December 11, 2017
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Bill aims to increase Maine teacher pay, expectations

By Nick McCrea, BDN Staff
Updated:
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Sen. Rebecca Millett

AUGUSTA, Maine — Lawmakers are weighing a bill that would raise the minimum teacher salary by $10,000 per year and would require teachers employed by public schools to obtain a master’s degree.

LD 1370, An Act to Improve the Quality of Teachers, proposed by Sen. Rebecca Millett, D-Cumberland, went up for public hearing Wednesday during a meeting of the Legislature’s Education and Cultural Affairs Committee.

In concept, the bill garnered strong support from education officials, but some groups expressed concerns about new rules in the bill that might make it harder for the state to find teachers to fill roles at already understaffed schools.

The bill raises the minimum certified teacher salary from $30,000 to $40,000 starting July 1, 2016. The Department of Education, starting in fiscal year 2017-18, would be required to increase the state share of schools’ allocations to help them meet those new salary requirements.

It also places new requirements on those who want to pursue the profession, with the goal of raising the quality of teachers in the state across the board:

— Teaching students must have at least one year’s worth of practicum experience, starting in their sophomore year of college or university, plus 24 weeks of student teaching experience during their senior year. Current law requires 15 weeks of student teaching in the senior year.

— New teachers at the elementary and secondary levels would be required to graduate from their higher education institution with a 3.0 GPA or better.

— Teachers issued a certificate after July 1, 2015, would be required to complete a master’s degree program within five years of being employed by the state.

— Teachers with three or fewer years of experience would be required to receive peer reviews, including classroom observation and “formative feedback.”

Finally, the bill provides $500,000 in funding over the biennium toward loan programs awarded to eligible students through the Educators of Maine Program.

“LD 1370 raises the status of teaching so we can attract the best and brightest to the profession and pay them a salary they deserve,” said Lois Kilby-Chesley, president of the Maine Education Association, voicing her organization’s support for the bill. “We need to encourage motivated, enthusiastic graduates to join us in classrooms as we shape the future of Maine students.”

The Maine Education Association says nearly 30 percent of Maine teachers are older than 55, making it vital for the state to attract young people into the field. One of the ways to do that is to make the field more lucrative.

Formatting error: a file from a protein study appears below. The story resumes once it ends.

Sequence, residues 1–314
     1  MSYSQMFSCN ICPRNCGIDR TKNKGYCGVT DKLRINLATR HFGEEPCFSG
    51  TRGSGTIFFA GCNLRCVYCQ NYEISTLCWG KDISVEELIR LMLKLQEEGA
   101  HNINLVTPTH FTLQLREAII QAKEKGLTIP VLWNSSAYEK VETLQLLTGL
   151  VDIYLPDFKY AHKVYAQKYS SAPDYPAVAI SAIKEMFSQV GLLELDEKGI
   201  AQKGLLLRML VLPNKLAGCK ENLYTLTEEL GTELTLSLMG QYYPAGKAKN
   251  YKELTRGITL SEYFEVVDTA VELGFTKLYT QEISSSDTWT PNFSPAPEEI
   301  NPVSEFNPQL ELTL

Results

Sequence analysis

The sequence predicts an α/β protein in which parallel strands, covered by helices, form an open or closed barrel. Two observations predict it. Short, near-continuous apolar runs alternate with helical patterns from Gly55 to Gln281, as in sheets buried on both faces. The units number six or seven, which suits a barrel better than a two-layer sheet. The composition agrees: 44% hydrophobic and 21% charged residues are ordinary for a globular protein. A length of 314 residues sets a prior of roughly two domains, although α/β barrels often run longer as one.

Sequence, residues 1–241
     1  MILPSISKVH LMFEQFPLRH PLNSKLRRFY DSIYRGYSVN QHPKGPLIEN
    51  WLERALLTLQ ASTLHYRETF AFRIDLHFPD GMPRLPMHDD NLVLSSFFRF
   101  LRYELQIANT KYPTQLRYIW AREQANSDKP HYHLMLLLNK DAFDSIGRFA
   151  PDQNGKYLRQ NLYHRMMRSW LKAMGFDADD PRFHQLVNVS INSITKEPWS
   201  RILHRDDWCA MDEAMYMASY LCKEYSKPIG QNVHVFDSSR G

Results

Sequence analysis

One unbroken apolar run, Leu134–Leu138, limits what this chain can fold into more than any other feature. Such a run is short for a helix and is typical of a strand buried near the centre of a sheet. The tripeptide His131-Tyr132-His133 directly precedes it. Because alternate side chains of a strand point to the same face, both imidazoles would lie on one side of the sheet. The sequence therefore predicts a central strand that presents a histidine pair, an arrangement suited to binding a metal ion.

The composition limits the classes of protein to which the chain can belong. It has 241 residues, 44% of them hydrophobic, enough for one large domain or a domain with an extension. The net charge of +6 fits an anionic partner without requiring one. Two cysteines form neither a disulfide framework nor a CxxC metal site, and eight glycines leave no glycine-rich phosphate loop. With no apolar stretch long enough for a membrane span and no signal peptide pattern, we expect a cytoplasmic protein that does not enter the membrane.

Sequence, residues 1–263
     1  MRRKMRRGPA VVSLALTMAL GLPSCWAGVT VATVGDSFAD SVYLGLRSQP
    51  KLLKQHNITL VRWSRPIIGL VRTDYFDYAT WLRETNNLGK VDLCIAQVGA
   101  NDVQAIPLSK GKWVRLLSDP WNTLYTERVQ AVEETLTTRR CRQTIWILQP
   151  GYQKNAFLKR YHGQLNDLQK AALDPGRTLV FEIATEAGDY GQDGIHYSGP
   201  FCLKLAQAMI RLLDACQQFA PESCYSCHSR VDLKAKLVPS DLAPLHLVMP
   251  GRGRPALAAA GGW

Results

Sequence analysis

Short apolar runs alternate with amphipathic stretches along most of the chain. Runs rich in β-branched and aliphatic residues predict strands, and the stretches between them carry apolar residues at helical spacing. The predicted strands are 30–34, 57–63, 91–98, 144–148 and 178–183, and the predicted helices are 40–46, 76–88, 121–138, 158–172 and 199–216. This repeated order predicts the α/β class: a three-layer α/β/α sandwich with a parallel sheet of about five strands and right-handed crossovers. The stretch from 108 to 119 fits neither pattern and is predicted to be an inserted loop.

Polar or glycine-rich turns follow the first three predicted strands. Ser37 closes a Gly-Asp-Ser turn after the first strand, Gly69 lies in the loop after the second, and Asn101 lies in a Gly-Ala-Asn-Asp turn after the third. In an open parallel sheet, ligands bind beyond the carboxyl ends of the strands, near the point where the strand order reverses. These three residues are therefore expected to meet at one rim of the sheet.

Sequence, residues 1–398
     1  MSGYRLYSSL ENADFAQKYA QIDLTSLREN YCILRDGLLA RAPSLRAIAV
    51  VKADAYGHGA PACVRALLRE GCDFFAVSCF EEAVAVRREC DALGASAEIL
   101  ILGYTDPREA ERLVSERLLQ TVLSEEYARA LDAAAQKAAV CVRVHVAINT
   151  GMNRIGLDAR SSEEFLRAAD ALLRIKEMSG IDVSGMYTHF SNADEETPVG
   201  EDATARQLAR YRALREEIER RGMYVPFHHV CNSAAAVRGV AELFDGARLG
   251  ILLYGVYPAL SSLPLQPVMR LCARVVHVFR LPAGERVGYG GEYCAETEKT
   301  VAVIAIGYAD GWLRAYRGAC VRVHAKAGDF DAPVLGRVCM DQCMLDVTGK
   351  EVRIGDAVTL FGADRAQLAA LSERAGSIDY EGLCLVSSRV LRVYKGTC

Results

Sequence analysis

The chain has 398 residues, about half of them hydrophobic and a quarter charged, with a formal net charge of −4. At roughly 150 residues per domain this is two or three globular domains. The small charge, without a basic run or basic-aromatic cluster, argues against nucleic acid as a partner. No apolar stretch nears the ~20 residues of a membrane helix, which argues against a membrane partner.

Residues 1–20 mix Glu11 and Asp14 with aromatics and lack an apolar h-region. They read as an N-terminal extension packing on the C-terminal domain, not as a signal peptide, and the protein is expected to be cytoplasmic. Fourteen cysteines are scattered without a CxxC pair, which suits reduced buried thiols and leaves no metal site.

Only three school districts in the state — York, Edgecomb and Wells-Ogunquit — pay starting salaries higher than $40,000, according to the Maine Education Association.

Representatives of Bowdoin and Bates colleges “reluctantly” opposed the bill, arguing that the provision requiring a sophomore practicum doesn’t mesh with their teaching programs because students there aren’t required to declare a major or minor until late in their sophomore year. Supporters argue that gives students a chance to determine early on whether or not teaching is for them.

Still, the schools support raising base pay for teachers, as well as expectations, but they expressed concerns that the new provisions added by the bill would raise the cost of educating students at their colleges, and thus increase tuition.

Anita Charles, director of secondary teacher education at Bates, said she felt some aspects of the bill were contradictory. For example, requiring new teachers to meet these new standards might drive away prospective teachers, rather than attracting them to the occupation, which is another goal of the same bill.

The costs associated with obtaining a master’s degree in education also might cause some students with limited financial means to shy away from pursuing the profession.

Another concern raised about the bill was that the GPA requirement would be too “subjective,” as a 3.0 GPA at one school does not represent the same level of success as it might at another.

Still, several of those who spoke against or took no position on the bill said they were interested in starting the conversation about how to accomplish these goals, even if the bill doesn’t garner Legislative approval.

Follow Nick McCrea on Twitter at @nmccrea213.


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